• Similar Content

    • By markovitch
      A while ago, to learn the ins and outs of Horseradish, I began making my own mustard. I have managed some really really good varieties, (one with black mustard seeds, rice-wine vinegar, horseradish and Kabocha squash) and some really god awful ones too. I recall that my grandmother used to make her own ketchup too. it wasn't all that good.
      has anyone made their own condiments before?
      care to share experiences?
    • By Lisa Shock
      The basic formula for these cakes was developed by the wife of a mayonnaise salesman in an effort to help him out. I did a bit of research, and have found many variations. Early variants generally involve using less cocoa, which I cannot recommend. Later variants involve using cold water instead of boiling, adding salt, and additional leaveners. I personally do not feel that any additional salt is needed, as mayonnaise and that famous, tangy brand of salad dressing (sometimes the label just says 'Dressing') both contain a fair amount of salt. If you are using homemade mayonnaise or a low sodium product, an eighth teaspoon of salt may boost the flavor a bit. And, of course, somewhere along the way fans who prefer a certain salad dressing over mayonnaise started using it to make this cake. Nowadays, the Hellman's website has a different formula -one with added eggs and baking powder. I have not tried this newer formulation.
       
      Some versions of this recipe specify sifted cake flour. This will result in a very light cake with virtually no structural integrity, due to the paucity of eggs in this recipe compared to a regular cake. Cupcakes made this way give beautifully light results. However, every time I try to make a traditional 8" double layer cake with cake flour, I experience collapse. I recommend AP flour or at least a mix of cake and pastry flour.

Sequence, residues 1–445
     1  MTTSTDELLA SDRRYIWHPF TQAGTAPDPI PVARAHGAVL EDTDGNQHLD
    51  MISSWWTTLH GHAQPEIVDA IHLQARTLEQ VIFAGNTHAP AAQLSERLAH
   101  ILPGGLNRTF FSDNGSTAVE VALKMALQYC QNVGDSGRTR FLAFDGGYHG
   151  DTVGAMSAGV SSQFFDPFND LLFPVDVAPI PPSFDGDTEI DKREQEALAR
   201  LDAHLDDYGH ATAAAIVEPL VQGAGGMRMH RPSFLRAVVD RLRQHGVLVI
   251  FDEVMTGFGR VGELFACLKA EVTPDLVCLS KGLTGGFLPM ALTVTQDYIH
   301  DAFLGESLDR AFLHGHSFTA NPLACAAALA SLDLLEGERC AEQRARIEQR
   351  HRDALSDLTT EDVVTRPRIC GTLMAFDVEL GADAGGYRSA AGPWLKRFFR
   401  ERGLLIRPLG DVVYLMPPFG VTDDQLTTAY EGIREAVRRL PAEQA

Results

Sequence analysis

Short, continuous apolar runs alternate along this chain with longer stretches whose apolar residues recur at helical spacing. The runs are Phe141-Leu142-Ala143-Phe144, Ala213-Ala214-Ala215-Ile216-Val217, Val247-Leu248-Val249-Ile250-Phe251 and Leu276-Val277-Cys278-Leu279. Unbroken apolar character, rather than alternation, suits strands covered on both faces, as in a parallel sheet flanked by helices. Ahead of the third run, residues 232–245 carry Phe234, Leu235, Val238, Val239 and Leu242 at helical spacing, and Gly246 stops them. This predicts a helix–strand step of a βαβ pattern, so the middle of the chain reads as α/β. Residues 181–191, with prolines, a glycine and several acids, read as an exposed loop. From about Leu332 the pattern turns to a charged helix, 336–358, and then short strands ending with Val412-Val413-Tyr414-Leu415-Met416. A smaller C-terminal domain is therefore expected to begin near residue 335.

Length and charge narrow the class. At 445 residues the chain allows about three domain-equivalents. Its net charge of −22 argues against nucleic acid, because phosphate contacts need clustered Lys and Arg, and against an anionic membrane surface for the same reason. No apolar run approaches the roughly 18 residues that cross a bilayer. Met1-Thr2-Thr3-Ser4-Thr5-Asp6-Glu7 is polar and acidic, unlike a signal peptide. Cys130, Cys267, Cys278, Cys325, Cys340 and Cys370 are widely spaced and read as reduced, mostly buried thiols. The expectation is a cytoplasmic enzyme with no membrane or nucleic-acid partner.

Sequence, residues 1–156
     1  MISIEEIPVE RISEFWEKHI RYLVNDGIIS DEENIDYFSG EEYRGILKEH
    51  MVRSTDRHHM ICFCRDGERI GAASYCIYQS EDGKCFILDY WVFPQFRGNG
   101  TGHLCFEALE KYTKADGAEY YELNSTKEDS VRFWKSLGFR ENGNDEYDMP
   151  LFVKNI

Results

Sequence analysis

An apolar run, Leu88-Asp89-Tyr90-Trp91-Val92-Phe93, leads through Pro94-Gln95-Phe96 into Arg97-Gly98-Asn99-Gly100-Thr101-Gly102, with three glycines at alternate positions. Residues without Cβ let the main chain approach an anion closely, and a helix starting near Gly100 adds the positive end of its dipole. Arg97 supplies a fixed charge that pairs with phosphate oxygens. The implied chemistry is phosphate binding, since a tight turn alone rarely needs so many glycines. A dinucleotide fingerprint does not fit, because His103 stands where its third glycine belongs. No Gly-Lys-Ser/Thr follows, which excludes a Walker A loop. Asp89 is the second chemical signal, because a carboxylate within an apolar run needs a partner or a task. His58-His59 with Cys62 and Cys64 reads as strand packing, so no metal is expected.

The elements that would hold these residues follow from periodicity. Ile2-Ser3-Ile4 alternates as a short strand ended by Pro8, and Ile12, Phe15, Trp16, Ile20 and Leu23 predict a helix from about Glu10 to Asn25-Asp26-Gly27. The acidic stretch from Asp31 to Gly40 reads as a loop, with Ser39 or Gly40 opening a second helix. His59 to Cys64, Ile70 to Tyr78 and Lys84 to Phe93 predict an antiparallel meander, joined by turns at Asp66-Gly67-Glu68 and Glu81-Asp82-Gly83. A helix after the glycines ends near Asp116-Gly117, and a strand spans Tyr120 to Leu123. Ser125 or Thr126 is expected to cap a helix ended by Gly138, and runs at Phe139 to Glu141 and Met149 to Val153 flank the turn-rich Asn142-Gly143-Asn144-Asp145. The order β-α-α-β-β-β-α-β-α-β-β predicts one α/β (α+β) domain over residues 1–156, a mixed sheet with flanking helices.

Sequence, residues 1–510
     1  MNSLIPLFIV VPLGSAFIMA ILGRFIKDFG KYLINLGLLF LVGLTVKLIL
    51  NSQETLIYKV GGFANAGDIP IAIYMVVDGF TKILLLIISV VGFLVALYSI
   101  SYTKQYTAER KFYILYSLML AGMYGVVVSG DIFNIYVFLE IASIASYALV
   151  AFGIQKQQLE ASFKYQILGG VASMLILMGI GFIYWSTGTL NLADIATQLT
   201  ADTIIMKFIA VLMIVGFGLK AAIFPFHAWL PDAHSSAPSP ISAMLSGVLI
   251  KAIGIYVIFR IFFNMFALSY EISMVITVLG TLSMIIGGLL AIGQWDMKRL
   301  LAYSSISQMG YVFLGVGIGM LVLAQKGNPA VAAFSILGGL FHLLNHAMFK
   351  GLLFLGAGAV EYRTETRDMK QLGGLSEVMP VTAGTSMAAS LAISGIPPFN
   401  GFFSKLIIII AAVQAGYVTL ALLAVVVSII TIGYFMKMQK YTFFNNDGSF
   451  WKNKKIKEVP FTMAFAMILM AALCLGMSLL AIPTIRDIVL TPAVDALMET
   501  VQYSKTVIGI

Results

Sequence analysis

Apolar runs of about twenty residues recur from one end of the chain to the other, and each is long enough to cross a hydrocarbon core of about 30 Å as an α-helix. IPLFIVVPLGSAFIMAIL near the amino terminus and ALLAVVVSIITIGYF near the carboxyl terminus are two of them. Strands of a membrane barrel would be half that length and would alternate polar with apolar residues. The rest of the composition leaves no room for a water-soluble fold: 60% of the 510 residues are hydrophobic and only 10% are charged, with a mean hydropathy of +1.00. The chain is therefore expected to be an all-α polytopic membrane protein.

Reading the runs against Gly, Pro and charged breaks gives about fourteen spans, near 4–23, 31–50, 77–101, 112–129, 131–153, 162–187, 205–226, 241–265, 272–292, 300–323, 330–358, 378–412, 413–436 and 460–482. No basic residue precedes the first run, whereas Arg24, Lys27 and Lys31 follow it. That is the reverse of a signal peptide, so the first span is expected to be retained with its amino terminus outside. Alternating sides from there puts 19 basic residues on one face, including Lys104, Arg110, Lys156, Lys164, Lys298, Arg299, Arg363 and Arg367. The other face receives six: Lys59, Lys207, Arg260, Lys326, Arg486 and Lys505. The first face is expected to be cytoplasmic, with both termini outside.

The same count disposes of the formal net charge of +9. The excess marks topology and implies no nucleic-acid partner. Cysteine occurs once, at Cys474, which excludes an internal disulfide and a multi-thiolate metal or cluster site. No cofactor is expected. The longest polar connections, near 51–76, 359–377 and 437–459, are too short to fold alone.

I have never made this with a gluten-free flour replacer. This recipe does not have very much structural integrity and as such does not make a good candidate for a gluten-free cake.
       
      I have made this cake many times, the type of sandwich spread you choose will affect the outcome. Made with mayonnaise, the cake has a good chocolate flavor and moistness. Made with that famous, tangy, off-white salad dressing that gets used as a sandwich spread, the cake has a subtle bit of extra brightness to the flavor. If one chooses to use a vegan mayonnaise, the result is tasty but lacking a little in structure; I would bake this in a square pan and frost and serve from the pan.
       
      The cocoa you use will also affect the flavor.  For a classic, homey flavor use a supermarket brand of cocoa. To add a little sophistication, use better, artisan type cocoa and use chocolate extract instead of the vanilla extract.
       
      Supposedly, the traditional frosting for this cake should have a caramel flavor. Look for one where you actually caramelize some sugar first. Modern recipes for the icing seem like weak imitations to me; using brown sugar as the main flavor instead of true caramel.
       
      Chocolate Mayonnaise or Salad Dressing Cake
      makes enough for two 8" round pans, or a 9" square (about 7 cups of batter)
       
      2 ounces/56g unsweetened, non-alkalized cocoa
      1 cup/236g boiling water
      1 teaspoon/4g regular strength vanilla extract
      3/4 cup/162g mayonnaise, vegan mayonnaise, or salad dressing (the tangy, off-white, sandwich spread type dressing)
      10.5ounces/300g all-purpose flour
      7 ounces/200g sugar
      0.35ounce/10g baking soda
       
      Preheat your oven to 350°.
      Grease or spray two 8" round pans or an equivalent volume square or rectangle.